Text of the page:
Wednesday, September 4, 2013

An Evening Redness on the Stones

The viscous summer air smothered me as I slid the kayak into the river. On the opposite bank, a banded water snake dropped from a low hackberry branch and disappeared beneath the water only to emerge several yards downstream   Its head popped up next to a deadfall that doubled as a perch for a black-capped night heron, which watched all unfold with its wary right eye.

The weather prediction for today was alarmingly accurate – oppressive humidity, high heat and a frightening ragweed pollen alert. The tops of thunderheads began peeking over the canopy of sycamores while sunscreen melted into my eyes and sweat flowed from every pore. Welcome to the dog days of summer.

My right elbow has been cursed with tendonitis for the past two months, and with each forward stroke of my paddle, I felt the familiar nagging pain from a subtle injury that just refuses to heal. I paddled slowly upstream, amidst a cacophony of heat bugs that drenched the air with the pulsating white noise of their summer call. A few yards in front of me, one of the giant insects attempted to fly from tree to tree but clumsily bonked into a thick branch and fell backwards into the water. It fluttered helplessly on the brown surface of the river and tried in vain to flip itself upright, its wings softly gurgling in the surface film.

A small bluegill made the first attempt at the bug, nipping at a wing and making a “bloop” report as it tried to eat a meal decidedly bigger than itself. As the molasses current dragged the desperate insect downstream, it disappeared in a cruel swirl, swallowed from below by a much bigger fish.

I may want to try a cicada pattern, I mentally noted. [It’s these types of crack observational skills that have made me the great fly fisherman I claim to be.]

As I paddled upstream, the river turned scummy with a thick film of greenish-yellow algae peppered with floating twigs and leaves and empty plastic Sun Drop bottles, yet the water below was amazingly alive and full of shad. Oceans of baitfish patrolled bank-to-bank, with most fish being in the two-inch size range. They held in their enormous schools, and shimmered in the random clearings within the muck.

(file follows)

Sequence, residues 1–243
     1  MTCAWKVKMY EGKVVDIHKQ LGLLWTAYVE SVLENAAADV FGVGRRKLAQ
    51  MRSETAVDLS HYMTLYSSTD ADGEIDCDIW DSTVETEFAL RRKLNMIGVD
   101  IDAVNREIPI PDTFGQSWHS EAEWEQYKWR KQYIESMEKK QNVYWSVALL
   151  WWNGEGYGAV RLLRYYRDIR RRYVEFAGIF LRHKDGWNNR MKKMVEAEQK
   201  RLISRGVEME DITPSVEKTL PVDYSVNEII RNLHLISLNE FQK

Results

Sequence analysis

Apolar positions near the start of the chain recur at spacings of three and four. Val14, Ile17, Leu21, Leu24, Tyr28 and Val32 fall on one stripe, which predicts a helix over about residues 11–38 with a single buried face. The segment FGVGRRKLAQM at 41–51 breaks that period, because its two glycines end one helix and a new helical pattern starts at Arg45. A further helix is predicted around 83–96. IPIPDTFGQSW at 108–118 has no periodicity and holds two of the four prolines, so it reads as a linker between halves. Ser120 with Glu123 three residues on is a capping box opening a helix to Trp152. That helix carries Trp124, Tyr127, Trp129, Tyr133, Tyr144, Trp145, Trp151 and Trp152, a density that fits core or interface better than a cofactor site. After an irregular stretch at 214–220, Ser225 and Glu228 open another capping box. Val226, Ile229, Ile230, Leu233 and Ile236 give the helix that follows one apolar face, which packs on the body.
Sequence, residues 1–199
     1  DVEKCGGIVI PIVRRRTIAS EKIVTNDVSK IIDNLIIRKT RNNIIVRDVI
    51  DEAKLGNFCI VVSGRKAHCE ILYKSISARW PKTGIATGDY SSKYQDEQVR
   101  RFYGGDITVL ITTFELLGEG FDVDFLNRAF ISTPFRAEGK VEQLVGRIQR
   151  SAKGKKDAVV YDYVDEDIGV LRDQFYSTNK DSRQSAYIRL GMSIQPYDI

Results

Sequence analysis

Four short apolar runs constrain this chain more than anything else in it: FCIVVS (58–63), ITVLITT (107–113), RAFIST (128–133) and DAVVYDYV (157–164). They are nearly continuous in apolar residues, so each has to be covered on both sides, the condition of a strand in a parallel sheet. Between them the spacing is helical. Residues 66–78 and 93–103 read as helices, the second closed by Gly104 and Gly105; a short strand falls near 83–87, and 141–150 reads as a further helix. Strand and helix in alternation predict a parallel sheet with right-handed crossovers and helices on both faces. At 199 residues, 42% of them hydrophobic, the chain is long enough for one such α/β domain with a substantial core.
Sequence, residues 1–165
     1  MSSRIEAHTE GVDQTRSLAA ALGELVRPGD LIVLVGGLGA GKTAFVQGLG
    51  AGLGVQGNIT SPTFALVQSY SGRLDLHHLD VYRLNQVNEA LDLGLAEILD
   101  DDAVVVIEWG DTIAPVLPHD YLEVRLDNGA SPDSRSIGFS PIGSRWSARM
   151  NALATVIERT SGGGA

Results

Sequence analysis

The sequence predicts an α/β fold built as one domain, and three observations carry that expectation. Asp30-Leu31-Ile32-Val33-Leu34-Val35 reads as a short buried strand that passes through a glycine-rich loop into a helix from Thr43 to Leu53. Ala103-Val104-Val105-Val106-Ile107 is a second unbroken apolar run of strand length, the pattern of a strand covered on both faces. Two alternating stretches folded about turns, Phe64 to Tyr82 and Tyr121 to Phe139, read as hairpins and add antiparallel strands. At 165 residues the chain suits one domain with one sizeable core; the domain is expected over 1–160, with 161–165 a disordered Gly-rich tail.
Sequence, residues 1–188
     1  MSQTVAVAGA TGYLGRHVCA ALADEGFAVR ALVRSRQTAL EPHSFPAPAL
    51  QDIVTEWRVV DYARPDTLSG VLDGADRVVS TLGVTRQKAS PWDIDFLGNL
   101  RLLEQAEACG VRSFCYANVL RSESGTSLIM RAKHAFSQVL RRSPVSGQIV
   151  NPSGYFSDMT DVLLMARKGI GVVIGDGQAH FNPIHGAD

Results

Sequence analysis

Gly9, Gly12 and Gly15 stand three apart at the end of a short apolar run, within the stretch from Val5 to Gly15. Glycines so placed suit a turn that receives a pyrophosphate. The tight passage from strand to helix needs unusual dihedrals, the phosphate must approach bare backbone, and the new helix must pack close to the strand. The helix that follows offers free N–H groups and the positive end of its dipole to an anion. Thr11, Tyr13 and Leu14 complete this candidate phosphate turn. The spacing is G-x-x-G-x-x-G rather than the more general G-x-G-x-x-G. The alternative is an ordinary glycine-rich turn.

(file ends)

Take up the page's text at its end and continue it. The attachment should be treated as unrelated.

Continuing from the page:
Amongst the bait, squadrons of small bass launched violent attacks, as they slashed, swirled and splashed on helpless fish, often sending their prey skyward to avoid being sucked into the gaping white mouths of the predators below. It was a bad day to be shad. 

And, I knew it then and there. I was not going to catch crap today. Matching the hatch was not a problem. My fly and tackle boxes offered plenty of perfect shad imitations. The issue was trying to get a bass to pick out my offering from a sea of easy meals.

Bass fed seemingly all around my boat. They exploded on the schools from below, scattering shad from the water and into the sides of my kayak. But, I could not get the bass to pick out my fly or lure. After watching dozens of my fruitless casts, a bored blue heron left its nearby perch and squawked in laughter as it flew above.

As the sun slid slowly behind the trees on this inferno of an afternoon, a slight breeze brought forth some relief from the heat. Yet, the air carried something sinister. From a distant register below the flapping of sycamore leaves and the incessant buzz of cicadas, came the eerie wail of a song being played from an ice cream truck which weaved through streets of a ghostly subdivision beyond the bluffs above. The siren’s song attracted some initial nostalgia, as thoughts of push-ups, rocket pops and sprinting home to beg Mom for a quarter flashed through my mind. But, amid the oppressive humidity and the stink of something dead nearby and the now-constant need to adjust my boat to accommodate the wind, the truck’s repetitive rendering of “Fare Thee Well” morphed into the soundtrack of a horror movie. As sweat stung my eyes and my fishing frustration grew, I found myself mindlessly humming along with the syrupy sweet song. An unseen murder of crows cawed in the far distance. A bellied-up catfish lay pinned against a pile of lichen-covered rocks and discarded blue nightcrawler containers at the river’s edge. A horsefly crawled on the rim of my open can of beer. At any moment, I expected Pennywise the Clown to slowly emerge from the mossy green water around me and snarl, “They all float down here, Danny.”

To salvage the now fading day, I gave my aching casting elbow a break and put down the fly rod in favor of a spinning combo and a big ol’ plastic worm. I was just going to ignore the shad massacre occurring around me and pinpoint the fishiest-looking deadfalls and stumps and do some old school bass fishing. The decision proved to be a good one. After a nice cast to the enormous root base of a fallen elm, I let the worm settle for a brief second, then gently shook the rod tip. A dull thump followed, and my line moved slightly to the right. Reeling up slack, I sharply set the hook into a keeper-sized largemouth, which thrashed its head wildly in an algae-covered froth before making the horribly unwise decision to swim to open water where I was able to gain control of the fight.

After a brief tussle, the bass relented boatside. I lipped the fish, took a quick photo, and slid it back into the river.  

And, the ice cream truck’s song stopped.

I picked up a couple of more structure-oriented bass, and even found subtle redemption when one of the open-water predators ambushed the worm as I lifted it from the water at the end of a retrieve. After a few “last casts,” I secured my rods and tackle and paddled home through the clouds of mosquitoes and midges, and enveloped in the purple-orange glow of a late August twilight.

No comments: